Our autobiographical book series, Moments Carved in Paper, has me spending a lot of time trying to remember, and then contemplating, past events as possible stories to include in the books. This story has a place in there somewhere.
The recent death of Nobel Prize winner, John Nash, reminded me of one of my favorite design projects and a beautiful evening. Bob Gill, one of my design heroes, said a good idea should be “Surprising. Original. Inevitable.” I think this idea for a poster promoting the event fits that rule quite nicely.
Nash’s Nobel-Prize-winning “equilibrium theory” presented in the movie A Beautiful Mind, starring Russell Crowe as John Nash and Jennifer Connelly as Alicia, his wife had me utterly absorbed. I probably showed the film in one of our Visual Communications Friday Sessions. Any former students remember if that is true? I also worked with Ari Garber on a VC Family Album page for the movie which was one of my favorites. I’m sure Ari's will pop up somewhere, as it is one of my favorite pieces of student work.
In the movie, Nash is at a bar with a group of friends when he begins to develop the theory of what is now called the Nash equilibrium, the idea that won him the Nobel Prize in 1994.
At the bar, he and his friends start to compete for a beautiful blonde in a group of five women. “If we all go for the blonde,” Nash says, “we block each other. None of us is going to get her, and the others will feel rejected. But, if no one goes for the blonde, and we only go for the other women, it’s the only way we win.
The best result comes from everyone doing what’s best for himself and the group.
Hendrik-Jan Francke, one of the other VC faculty, did some internet sleuthing and approached me with the name of Lynne Butler, a former Princeton professor of Mathematics where John Nash taught, who often lectured on the topic of The Collaborators’ Conundrum, an explanation of Nash’s theory. Lynne graciously accepted our invitation to speak.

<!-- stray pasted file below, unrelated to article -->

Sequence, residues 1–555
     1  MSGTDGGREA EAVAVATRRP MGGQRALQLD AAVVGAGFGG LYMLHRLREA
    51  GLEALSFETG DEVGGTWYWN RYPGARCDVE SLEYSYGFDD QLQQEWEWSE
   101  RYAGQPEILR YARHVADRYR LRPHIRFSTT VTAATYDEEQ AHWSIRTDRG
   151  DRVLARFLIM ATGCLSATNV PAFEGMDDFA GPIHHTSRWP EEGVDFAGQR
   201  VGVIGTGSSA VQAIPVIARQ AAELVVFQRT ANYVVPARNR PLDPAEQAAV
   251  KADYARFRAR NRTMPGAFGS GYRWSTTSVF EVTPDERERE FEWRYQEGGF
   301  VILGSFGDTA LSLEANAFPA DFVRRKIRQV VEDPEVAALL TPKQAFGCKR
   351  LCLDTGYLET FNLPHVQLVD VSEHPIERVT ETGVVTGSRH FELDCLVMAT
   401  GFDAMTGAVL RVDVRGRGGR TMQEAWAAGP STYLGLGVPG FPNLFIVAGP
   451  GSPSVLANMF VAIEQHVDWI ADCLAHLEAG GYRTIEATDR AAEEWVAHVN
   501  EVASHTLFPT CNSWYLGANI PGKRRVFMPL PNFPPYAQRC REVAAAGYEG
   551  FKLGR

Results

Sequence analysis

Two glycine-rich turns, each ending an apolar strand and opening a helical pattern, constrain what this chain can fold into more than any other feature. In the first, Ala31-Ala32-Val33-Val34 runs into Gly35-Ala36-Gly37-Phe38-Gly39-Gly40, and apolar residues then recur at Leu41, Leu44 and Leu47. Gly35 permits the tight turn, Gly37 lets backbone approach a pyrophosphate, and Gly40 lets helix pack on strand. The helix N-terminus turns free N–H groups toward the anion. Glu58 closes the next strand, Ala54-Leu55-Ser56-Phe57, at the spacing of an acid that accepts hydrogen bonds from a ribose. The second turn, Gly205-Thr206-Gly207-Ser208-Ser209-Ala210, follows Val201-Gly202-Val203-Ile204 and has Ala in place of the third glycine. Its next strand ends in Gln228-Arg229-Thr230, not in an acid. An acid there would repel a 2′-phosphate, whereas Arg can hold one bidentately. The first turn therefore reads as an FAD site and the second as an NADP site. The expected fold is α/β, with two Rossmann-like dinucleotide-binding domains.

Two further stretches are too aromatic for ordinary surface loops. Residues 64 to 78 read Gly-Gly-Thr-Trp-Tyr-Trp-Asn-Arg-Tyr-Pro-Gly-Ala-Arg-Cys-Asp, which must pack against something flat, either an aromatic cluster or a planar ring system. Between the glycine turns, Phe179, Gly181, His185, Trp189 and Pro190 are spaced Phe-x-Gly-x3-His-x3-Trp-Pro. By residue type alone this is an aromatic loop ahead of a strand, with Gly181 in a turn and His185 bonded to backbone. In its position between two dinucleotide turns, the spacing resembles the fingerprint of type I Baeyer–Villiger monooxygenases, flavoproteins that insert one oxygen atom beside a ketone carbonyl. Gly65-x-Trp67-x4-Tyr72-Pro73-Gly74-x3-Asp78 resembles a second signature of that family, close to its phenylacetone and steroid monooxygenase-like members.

Below is the poster Ivan Markos, Scott Gaston, Jessie Perlin, and I produced. The students did a great job on the photo to illustrate a complicated mathematical situation about doing what’s best for the individual, and at the same time, the group.
As a personal remembrance, if you asked me what I wanted to be for Visual Communications, it was that rope.
Below is a photo of Lynne Butler with Chris Mears (VC’03) talking at the end of the evening.
I bet I’ve wished 500 times since this night that I would have recorded the talk. Wouldn't hurt to understand the math, either.
I came home the afternoon I heard the news of their deaths and watched A Beautiful Mind. Sitting and watching as the “pens” scene happens at the end of the movie had me sitting alone in our living room with tears streaming down my checks into my beard. It was rather astonishing how close my feelings about how Visual Communications should function was in line with Nash's Equilibrium Theory, at least to the degree that I understand it.